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Recently, I'd been observing something interesting on our environment AIX 7.1. In an attempt to track down the issue, I created a small locking application in Java:

import java.nio.channels.FileChannel;
import java.nio.channels.FileLock;
import java.nio.channels.OverlappingFileLockException;

public class Locker {

    public static void main(String[] args) throws Exception {
        File file = new File("/etc/passwd");
        FileChannel channel = new RandomAccessFile(file, "rw").getChannel();
        FileLock lock;

        try {
            lock = channel.tryLock();

            if (lock != null) {
                System.out.println("I have the lock");
                while(true) {}

        } catch (OverlappingFileLockException e) {


As far as I can tell, this gets a read-write lock on /etc/passwd. If I try to run two instances of this application, I can only get the lock in one instance as expected. Similarly, if I run this command:

su user2 -c echo test

The command hangs until I release the lock from the Java application. On the other hand, reading the file with:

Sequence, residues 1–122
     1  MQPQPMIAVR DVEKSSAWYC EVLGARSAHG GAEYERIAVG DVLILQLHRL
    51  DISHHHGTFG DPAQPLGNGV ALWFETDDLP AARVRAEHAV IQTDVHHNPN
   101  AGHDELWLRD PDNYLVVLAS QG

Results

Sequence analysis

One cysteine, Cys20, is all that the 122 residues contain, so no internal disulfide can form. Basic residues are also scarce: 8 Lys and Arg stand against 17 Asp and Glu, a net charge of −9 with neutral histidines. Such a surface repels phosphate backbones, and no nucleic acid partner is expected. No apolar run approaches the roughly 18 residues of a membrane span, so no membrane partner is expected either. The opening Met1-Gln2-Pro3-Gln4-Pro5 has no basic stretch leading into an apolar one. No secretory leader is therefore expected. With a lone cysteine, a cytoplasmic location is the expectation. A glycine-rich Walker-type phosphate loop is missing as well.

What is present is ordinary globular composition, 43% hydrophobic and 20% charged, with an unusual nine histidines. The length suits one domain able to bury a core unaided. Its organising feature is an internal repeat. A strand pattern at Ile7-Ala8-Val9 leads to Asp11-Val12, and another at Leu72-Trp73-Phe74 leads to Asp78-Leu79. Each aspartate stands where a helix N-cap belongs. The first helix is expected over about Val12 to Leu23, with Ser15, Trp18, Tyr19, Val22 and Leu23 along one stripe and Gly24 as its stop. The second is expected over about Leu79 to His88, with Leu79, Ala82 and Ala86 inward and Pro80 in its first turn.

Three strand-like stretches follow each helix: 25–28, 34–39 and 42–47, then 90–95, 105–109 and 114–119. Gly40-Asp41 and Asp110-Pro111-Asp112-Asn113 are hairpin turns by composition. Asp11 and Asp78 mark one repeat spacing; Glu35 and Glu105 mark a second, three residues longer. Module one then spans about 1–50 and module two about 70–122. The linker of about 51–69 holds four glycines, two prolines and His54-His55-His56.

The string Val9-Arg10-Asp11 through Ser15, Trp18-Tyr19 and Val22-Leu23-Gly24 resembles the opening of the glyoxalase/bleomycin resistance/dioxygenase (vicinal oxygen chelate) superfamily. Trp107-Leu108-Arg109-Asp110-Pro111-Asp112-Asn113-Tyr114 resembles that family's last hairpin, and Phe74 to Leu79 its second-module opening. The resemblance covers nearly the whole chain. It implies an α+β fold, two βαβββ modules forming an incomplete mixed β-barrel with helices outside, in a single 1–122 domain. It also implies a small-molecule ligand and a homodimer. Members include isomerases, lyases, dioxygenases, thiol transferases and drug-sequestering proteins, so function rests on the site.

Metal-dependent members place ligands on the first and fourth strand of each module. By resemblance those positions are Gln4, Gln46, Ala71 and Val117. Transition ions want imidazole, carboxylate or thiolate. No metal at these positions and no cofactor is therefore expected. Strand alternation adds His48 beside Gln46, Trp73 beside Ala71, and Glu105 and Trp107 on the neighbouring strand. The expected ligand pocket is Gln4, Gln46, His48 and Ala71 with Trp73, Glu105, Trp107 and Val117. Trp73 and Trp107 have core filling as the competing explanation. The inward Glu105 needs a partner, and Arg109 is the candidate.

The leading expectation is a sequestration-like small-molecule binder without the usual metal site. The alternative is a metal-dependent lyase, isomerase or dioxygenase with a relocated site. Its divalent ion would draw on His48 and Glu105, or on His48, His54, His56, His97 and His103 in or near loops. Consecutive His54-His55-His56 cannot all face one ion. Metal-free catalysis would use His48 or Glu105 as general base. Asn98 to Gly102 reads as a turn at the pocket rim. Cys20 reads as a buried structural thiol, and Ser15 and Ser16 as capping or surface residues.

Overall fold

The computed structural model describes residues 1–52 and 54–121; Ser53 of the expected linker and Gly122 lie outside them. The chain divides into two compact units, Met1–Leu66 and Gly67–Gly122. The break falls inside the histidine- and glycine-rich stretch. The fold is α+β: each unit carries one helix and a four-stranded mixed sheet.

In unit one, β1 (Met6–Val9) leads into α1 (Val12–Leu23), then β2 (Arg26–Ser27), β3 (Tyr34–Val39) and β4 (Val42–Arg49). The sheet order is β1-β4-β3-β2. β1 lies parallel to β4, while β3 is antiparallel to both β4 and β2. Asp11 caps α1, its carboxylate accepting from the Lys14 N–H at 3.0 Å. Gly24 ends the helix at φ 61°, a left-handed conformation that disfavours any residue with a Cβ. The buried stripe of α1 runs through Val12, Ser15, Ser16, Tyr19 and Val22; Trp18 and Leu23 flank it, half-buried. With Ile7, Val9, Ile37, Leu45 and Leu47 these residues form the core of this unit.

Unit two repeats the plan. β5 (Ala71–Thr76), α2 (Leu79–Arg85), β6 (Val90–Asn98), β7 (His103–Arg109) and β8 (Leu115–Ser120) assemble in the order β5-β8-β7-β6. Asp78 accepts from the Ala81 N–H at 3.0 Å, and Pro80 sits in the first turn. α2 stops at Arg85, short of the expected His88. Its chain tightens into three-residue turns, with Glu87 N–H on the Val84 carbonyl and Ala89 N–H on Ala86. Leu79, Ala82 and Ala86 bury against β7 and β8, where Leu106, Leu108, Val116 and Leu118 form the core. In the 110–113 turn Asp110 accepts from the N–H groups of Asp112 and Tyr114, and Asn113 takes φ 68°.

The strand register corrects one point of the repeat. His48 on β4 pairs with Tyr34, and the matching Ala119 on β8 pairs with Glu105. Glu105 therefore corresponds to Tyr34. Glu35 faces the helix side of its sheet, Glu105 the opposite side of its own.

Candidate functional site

cat /etc/passwd

runs successfully. And even writing to the file with:

cat /etc/passwd > /etc/passwd

is fine as well. Now, clearly the Java FileLock implementation is system dependent and there is no specified behaviour due to this nature. However, what I'm curious about is why 'su' needed to wait. Is it possible that the 'cat' redirection simply deletes the file and recreates it with the new output or is this simply a case of the locking mechanism being inconsistent across commands?

Edit: Since asking the question I added some write statements to the Java application so the structure of the program was as follows:

Acquire Java Lock on /etc/passwd
IO-Redirect with a small change to /etc/passwd
Append some text to /etc/passwd in the Java application

And all this info was reflected in the updated /etc/passwd, so it appears that the IO-Redirection was not simply deleting the file. Therefore, why the difference between 'su' and '>' (and presumably many other things)?

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up vote 2 down vote accepted

File locking on UNIX is advisory, not mandatory. That is, the lock is completely independent of and has no effect on anyone trying to read or write the file. It only interacts with other programs trying to acquire the lock.

Since cat and redirects don't attempt to lock the file, the lock has no effect on them. su on the other hand, locks /etc/passwd before reading it, so your program holding the lock causes it to wait (to acquire the lock) until you release it.

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